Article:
The next day we traveled by train to Seville, the capital of Andalusia. We rented an apartment on the banks of the Quadaquivier River in Triana, which is the gypsy quarter of the city and known as the soul of Seville. The enchanting view from our window looked out across the river to the city and the glorious Cathedral of Seville.
Triana held a special interest for me because it inspired the famous piano showpiece, Triana, composed by Isaac Albeniz.
As we walked the streets, I listened to the music through my earphones and strolled down Calle de San Jacinto with my Leica in hand. I saw young and old out for a stroll, old men sitting on a bench talking, clusters of women out shopping.
One of the highlights was the Triana market. It had everything from fresh fish and meats to cheeses, sausages, and produce. It was a veritable mecca of home grown and locally supported foods and businesses. An experience not to be missed.
I had always heard that the night life in Spain begins late, around 10:30 or 11:00 p.m. It’s true. The second night in Triana, we set out after a delicious dinner and the streets were bustling with activity. I could feel the energy pulsing beneath my feet. We walked past the Triana Bridge, its reflection sparkled in the waters of the river, and worked our way into the heart of Triana. We went by the restaurant Las Golondrinas (the Swallows), where we’d had delicious tapas earlier in the day. Our smiling waiter, Juan Miguel, recognized us from before and brought us a small glass of sherry, which we sipped as we watched the locals walk past us hand in hand and arm in arm. Near midnight, we found a long line of people waiting to get into a bar, so we decided to wait with them, not knowing what we would see. I struck up a conversation with a trio of friends who’d traveled from Valencia and a couple on holiday from Italy. The conversations were as delicious as the sound of different languages that floated around us.
Eventually, the bar opened, and we took our seats. A guitarist, two singers, and a percussionist entertained us with folk songs and popular music. As the night went on, locals filled the bar until it was standing room only. I was dumbfounded to see how everyone knew the words to every song, and they sang like a chorus at the top of their lungs, swaying and smiling and laughing with the music.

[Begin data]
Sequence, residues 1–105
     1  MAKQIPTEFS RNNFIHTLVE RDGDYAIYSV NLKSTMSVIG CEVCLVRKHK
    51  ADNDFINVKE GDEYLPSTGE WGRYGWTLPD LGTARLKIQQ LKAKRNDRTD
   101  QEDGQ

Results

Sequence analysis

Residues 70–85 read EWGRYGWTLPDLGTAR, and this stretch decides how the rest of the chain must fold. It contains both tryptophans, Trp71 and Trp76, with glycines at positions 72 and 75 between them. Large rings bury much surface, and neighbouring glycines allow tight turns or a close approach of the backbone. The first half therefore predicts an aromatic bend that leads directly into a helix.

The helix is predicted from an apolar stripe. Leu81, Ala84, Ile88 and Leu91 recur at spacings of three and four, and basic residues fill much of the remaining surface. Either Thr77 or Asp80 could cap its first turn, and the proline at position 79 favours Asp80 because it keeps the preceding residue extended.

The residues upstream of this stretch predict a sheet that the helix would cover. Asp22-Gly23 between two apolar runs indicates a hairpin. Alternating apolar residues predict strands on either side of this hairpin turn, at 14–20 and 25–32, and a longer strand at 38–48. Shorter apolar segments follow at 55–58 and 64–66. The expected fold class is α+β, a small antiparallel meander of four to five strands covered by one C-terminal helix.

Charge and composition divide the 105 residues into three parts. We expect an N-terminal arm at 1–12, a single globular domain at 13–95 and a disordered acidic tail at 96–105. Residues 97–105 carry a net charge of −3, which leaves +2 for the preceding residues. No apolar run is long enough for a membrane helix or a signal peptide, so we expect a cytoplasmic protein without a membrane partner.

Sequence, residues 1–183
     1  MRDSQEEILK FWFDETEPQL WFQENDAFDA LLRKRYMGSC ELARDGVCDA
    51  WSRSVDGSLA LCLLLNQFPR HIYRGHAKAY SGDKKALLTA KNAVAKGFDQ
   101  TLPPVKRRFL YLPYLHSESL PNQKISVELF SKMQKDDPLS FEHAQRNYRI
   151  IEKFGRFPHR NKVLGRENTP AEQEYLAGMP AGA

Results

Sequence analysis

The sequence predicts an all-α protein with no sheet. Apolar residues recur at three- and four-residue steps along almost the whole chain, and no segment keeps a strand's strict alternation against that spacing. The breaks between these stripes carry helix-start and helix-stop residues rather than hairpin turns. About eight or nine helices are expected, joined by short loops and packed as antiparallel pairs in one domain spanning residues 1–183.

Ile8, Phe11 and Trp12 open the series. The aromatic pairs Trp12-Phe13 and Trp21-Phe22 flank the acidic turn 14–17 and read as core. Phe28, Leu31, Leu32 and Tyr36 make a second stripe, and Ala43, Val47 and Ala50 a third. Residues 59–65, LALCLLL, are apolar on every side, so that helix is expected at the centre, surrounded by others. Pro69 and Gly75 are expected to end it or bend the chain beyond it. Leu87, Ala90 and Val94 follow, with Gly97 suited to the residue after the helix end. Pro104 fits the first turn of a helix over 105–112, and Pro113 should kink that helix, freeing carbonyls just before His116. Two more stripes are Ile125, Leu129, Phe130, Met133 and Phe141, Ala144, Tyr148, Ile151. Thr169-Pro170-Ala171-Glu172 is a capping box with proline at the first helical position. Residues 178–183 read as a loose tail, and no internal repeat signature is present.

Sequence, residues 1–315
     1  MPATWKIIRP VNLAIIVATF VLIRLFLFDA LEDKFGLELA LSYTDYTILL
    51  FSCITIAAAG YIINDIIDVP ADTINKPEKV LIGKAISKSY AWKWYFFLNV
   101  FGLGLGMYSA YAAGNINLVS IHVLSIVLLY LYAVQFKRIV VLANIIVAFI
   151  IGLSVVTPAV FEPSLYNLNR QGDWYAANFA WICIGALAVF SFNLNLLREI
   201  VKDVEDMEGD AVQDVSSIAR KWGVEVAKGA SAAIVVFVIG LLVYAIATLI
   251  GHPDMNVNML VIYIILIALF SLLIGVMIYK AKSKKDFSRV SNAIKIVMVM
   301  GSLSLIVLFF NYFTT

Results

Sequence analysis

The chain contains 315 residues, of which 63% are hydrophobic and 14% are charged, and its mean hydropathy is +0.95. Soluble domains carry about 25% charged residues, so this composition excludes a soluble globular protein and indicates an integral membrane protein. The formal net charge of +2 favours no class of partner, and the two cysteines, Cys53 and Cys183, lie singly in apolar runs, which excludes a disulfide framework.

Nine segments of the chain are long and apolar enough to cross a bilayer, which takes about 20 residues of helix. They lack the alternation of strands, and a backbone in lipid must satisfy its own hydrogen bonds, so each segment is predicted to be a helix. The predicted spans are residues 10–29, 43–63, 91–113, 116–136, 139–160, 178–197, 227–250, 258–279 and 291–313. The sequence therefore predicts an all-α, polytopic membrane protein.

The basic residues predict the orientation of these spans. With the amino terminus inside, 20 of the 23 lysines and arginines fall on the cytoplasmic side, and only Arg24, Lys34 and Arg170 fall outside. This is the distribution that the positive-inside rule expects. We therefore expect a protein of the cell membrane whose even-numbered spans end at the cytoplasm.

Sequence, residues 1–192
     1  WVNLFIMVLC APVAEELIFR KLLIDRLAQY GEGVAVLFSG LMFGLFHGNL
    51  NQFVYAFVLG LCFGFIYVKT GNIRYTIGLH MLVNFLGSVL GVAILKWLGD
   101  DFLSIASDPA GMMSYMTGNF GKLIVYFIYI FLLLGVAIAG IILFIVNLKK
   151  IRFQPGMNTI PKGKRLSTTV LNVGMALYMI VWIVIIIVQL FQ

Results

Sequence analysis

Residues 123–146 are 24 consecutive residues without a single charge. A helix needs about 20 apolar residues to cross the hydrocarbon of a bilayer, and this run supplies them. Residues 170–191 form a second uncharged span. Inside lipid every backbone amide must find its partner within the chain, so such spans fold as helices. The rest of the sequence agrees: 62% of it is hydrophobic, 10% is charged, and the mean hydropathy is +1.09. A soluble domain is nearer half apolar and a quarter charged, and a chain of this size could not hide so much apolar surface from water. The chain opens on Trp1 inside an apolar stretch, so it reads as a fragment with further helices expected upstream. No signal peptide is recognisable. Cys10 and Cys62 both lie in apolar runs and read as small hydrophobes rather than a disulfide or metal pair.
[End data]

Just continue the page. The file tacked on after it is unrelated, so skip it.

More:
Food, Tapas & More The rest of our journey to Andalusia took us across the southern edge of Spain along the coast and inland. We started in Madrid and Toledo, and after Seville we drove to Malaga and Granada, with stops in Cadiz, Nerja, and Ronda in between.
For us, the experience of culture and cuisine is as much a part of travel as being in a new place. One of the most universally known and popular Spanish foods are tapas, which are small snack-sized portions of food that can be enjoyed between meals or combined to make an entire meal. It isn’t uncommon for a restaurant waiter to say, “May I order for you?” The first time this happened, we looked at each other in disbelief and decided to take a chance and said yes. What came next were plates of sumptuous bites of beef, swordfish, salmon, mushrooms, pork, and cheeses. Our waiter kept bringing us more and more until we finally had to say “enough.”
One can’t go to Spain without tasting jamón, which is dry-cured pork similar to Italian prosciutto. It is sold in almost every grocery store and in specialty shops that are everywhere. Along with paella and gazpacho, jamón is most associated as being of Spanish cuisine. The nuances in taste and quality make it a delicacy and quite pricey. It is typically served in paper-thin slices and is a real treat to have with cheese and wine. The first time I ordered it, it was a little unnerving to watch the server slice the meat right off the pork leg with the hoof fully intact, but it was simply delicious.
In Malaga, a coastal town, we had a fish stew, called a zarzuela, and seafood paella at a little restaurant called Piyayo. These dishes were out-of-this-world delicious and there was a lot of moaning around the table as we savored the blend of spices and smells. Standing by were a couple of pitchers of sangria, our go-to beverage. In Spain, an excellent bottle of wine can be had for as little as three or four euros. And it flowed everywhere. It was almost as cheap as the cost of bottled water in a restaurant, so of course, we had sangria by the pitcher with most meals and it tended to replace water as our main source of hydration.